Windows Phone Marketplace has crossed 90,000 apps mark recently. Cliff Simpkins, a project manager for Windows Phone, posted a collage on twitter stating the image is a valid representation of top 10,000 paid apps in the United States as on May 18th 2012.
For your Friday photo, I give you the Top 10k paid apps in the US yesterday (note, order is randomized) -> bit.ly/Jdjb33-- Cliff Simpkins (@cliffsimpkins) May 19, 2012
The image mesmerizing collage of application icons that are currently selling in the Windows Phone marketplace.
Microsoft Store, a small chain of retail stores now has 21 operating or in the works is offering a service for $99 dubbed "Signature Upgrade."
This feature, which has been available for a while now scrubs "bloatware" from Windows PCs. "We take off all the bloatware on the PC," said a Microsoft store employee Wednesday when asked about the service. On Microsoft's website, the company described the Signature Upgrade this way: "We'll install everything you need and remove the things you don't, for a faster, more efficient, and secure PC experience."
A Signature Upgrade requires the Windows PC to be left at the store for 24 to 48 hours.
Signature Upgrade is an offshoot of the Signature line of Windows PCs that Microsoft sells in its retail outlets and online. Those hand-picked notebooks and desktops are optimized for performance, says the Redmond, Wash. company, with "no trialware and sample software that typically bogs down new PCs."
The Signature systems are, however, pre-loaded with Microsoft's own Security Essentials antivirus software, and several other programs from the now-defunct Windows Live brand.
Bloatware (or trialware) refer to PC makers' habit of loading crippled versions of commercial software on the hard drive in the hope that some will upgrade to for-a-fee editions. Computer makers are paid by trialware creators and receive a portion of the revenue from any user upgrades.
All Microsoft Store locations sell Windows PCs from companies such as Dell, HP, Acer, Samsung and Toshiba. The stores pledge to strip down the amount of trial programs and other pre-installed software that is normally offered on PCs. Usually, those programs end up never being used by the owner of the PC and can slow down its performance.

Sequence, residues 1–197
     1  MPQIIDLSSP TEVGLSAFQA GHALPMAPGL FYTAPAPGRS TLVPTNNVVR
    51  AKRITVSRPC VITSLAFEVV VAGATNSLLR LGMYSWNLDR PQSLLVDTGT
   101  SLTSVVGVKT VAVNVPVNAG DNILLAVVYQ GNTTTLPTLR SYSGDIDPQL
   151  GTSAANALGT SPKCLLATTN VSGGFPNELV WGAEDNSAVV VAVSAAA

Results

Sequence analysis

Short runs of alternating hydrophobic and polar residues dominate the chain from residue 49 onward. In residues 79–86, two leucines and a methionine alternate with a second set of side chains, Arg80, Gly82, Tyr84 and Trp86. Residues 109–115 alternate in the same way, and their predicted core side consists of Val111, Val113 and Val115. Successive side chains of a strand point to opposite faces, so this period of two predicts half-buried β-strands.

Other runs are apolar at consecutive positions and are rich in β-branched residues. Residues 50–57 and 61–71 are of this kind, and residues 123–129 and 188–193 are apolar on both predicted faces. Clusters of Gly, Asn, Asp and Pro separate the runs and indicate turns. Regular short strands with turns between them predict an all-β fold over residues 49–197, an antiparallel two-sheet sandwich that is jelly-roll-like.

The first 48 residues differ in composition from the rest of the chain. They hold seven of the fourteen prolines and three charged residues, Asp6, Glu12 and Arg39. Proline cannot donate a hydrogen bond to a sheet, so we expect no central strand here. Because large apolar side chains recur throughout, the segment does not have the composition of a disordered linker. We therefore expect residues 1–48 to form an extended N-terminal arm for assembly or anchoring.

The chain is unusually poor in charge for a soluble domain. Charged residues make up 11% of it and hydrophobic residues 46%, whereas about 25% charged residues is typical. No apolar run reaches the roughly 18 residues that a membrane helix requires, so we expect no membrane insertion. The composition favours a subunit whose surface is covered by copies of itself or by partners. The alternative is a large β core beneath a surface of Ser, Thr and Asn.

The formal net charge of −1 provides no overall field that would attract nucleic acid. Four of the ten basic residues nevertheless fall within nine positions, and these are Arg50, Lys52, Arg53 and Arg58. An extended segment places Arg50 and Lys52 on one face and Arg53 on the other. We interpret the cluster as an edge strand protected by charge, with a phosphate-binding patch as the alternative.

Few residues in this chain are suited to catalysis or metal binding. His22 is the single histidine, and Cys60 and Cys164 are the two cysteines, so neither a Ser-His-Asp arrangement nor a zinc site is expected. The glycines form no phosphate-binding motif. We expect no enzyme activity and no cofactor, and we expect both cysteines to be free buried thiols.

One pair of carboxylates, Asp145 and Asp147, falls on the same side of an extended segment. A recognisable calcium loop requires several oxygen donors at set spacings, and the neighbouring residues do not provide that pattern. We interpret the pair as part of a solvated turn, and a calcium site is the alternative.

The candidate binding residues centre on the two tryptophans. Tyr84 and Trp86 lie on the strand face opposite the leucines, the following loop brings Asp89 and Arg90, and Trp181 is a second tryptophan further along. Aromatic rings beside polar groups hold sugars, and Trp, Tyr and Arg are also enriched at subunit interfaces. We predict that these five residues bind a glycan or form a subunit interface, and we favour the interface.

The retail stores, as well as Microsoft's online storefront, sell dozens of different PCs that have been stripped of bloatware, including models from Acer, Dell, Hewlett-Packard, Samsung, Sony and Toshiba. All are, of course, equipped with Windows 7.
Now, Microsoft plans to give the "Signature" services to Windows 8 PCs when that OS is released sometime later this year, Computerworld.com reports.
Windows 8 won't solve the bloatware problem -- Microsoft cannot control what OEMs put on their machines -- but the Metro interface, which relies on the Windows Store for all app distribution, might curb some of the more aggressive practices. Last fall, Microsoft told hardware makers that it would limit automatic Metro app installations to just one per external device.
The company has also added new tools to Windows 8, called Reset and Refresh, that will let users restore their PCs to an out-of-the-box state. Microsoft did not connect the new tools to bloatware removal when it announced them last January, but stressed the simplicity of a chore that previously took multiple steps and required manual reinstallation of the OS.
Microsoft has not yet announced a launch date for Windows 8.
But, a new tweet, revealed that Microsoft has already compiled Windows 8 Release Preview build 8400. And, that Microsoft planning to launch the Windows 8 Release Preview on June 8th.
Also, in another tweet, Paul Thurrot points to the reference "8" in the screenshot that Microsoft embedded in its Windows 8 user experience blog post, says, hints the June 8 Release Preview.
"Win8 Release Preview on June 8 (6/8)? This shots says yes. Look at Calendar app ... And Weather too! (68 deg, or 6/8)," tweeted Thurrot.
In other news, Microsoft's cloud offering, Office 365 released to public June last year, is completing its one-year. Microsoft says, that a wide range of small and medium businesses around the world, and in the United States as well already adopted the service.
"During the month of May we celebrate the almost 10 million small businesses in the United States with learning sessions, tweetups, giveaways, and other special events," Microsoft announced.
Between May 14-19, Microsoft Office 365 and Windows Intune, and Windows Phone had certified Microsoft Partners at T-Mobile stores across the United States. Attendees had the possibility to learn more on what Microsoft's cloud solution (Office 365 and Windows Intune with the Windows Phone) had to offer to them, and could also register for a small business sweepstakes valued at $60,000 in prizes.
Next week, Microsoft is hosting the Accelerator Room: Touch down, Connect, Network and Relax, which includes a tweetup on May 22nd with a special guest from the Small Business Administration and Microsoft SMB at the Mandarin Oriental Hotel, Washington DC.